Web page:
However, as mentioned earlier, Texas is something of an outlier. Relatively few states have the refining or petrochemical capabilities to produce raw plastics on a monumental scale. It should be mentioned, however, that Louisiana accounts for $8.9 billion in plastics shipments. This gives it a number 16 ranking in that category, while it ranks 29th in plastics employment. The disparity in these rankings reflects Louisiana’s strong contribution to synthetic resins production. These resins come from a capital- and technology-intensive industry. In such industries, output per employee is typically high.
Emphasis on Processing Raw Plastics
Beyond the Gulf Coast, most states place greater emphasis on processing raw plastics. The companies that process raw plastics tend to be smaller and more varied than the resin manufacturers. Because they manufacture products that are light and bulky, shipping them over any great distance is expensive. Consequently, plastics processors locate near their target markets. In fact, they are often considered a part of whatever industry they serve. Industries served by plastics processors include automotive, construction, food packaging and medical supply.
In Pennsylvania, which ranks sixth among the states in both employment and plastics shipments, much plastics activity is concentrated in the northwest part of the state, in and around the city of Erie. In a study commissioned by Erie authorities, the region’s advantages were compared to those of Newark, New Jersey; Lowell, Massachusetts; Philadelphia, Pennsylvania; Cleveland, Ohio; and Buffalo, New York. At first glance, it may seem a selective grouping – all the cities are in the northeast part of the country. But for a region that emphasizes plastics processing, it is simply fair to focus on nearby competitors. Nearly all processors in a given region compete with each other to serve nearby industries.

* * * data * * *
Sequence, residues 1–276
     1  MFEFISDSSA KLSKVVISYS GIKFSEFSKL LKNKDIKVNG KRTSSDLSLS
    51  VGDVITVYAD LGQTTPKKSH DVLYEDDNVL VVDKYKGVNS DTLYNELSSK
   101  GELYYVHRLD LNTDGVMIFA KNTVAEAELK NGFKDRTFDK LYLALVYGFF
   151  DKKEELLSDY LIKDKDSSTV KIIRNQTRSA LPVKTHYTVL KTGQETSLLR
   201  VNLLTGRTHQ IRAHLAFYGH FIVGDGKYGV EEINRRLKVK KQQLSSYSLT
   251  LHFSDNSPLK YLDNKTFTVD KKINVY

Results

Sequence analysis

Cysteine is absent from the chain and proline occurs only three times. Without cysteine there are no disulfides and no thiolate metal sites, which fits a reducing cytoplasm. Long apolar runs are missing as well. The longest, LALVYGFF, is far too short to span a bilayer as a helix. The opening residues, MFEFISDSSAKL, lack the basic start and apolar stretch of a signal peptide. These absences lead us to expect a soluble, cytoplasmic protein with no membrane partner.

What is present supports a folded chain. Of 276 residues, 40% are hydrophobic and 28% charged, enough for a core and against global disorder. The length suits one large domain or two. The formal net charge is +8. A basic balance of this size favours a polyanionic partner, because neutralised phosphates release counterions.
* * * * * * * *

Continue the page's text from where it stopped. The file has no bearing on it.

The Erie study characterized a typical project – a manufacturer devoted to molding plastic parts for the automotive, medical or consumer products markets. The hypothetical operation occupied a building with 60,000 square feet situated on six level acres in a fully improved industrial park served by rail. Investment totaled about $11 million and covered essentials such as the land and building, machinery and equipment, and inventory. Energy use averaged 300,000 KwH/month. Sales for the first year were estimated at $8 million. Finally, the number of employees totaled 80.
For such an operation, the overriding location criterion was cost. By far the leading cost factor was labor. It accounted for up to 60 percent of the project’s total operating costs. By comparison, power costs were relatively insignificant, accounting for just 2-5 percent of total operating costs. Other cost factors included taxes, build-to-suit costs and cost of living.
Just because labor costs are a leading consideration does not mean localities or regions vying for corporate investment will choose to compete solely on the basis of low wages. Indeed, many regions recognize the need of workforce quality. In Erie’s hypothetical company, the payroll included five managers/engineers, 10 technical personnel, and 15 skilled workers (mold makers and maintenance mechanics).
By maintaining workforce development resources, a region can make the case that its labor pool is capable of boosting productivity and raising output per employee. In addition to customized-training programs, the Erie region offers these resources: the Knowledge Park at Penn State, the Plastics Computer-Aided Engineering Center, and the Plastics Technology Center.
Such resources are especially important to plastics processors because the industry in many respects emphasizes the optimization of materials, formulations and processes. Systematic optimization efforts may be beyond the scope of small, individual companies. But technical programs could serve many small companies in a region. And their mission could encompass not just workforce development, but business development. These programs could hasten the application of improved equipment, reveal partnership opportunities and identify niche markets resistant to low-cost foreign competition.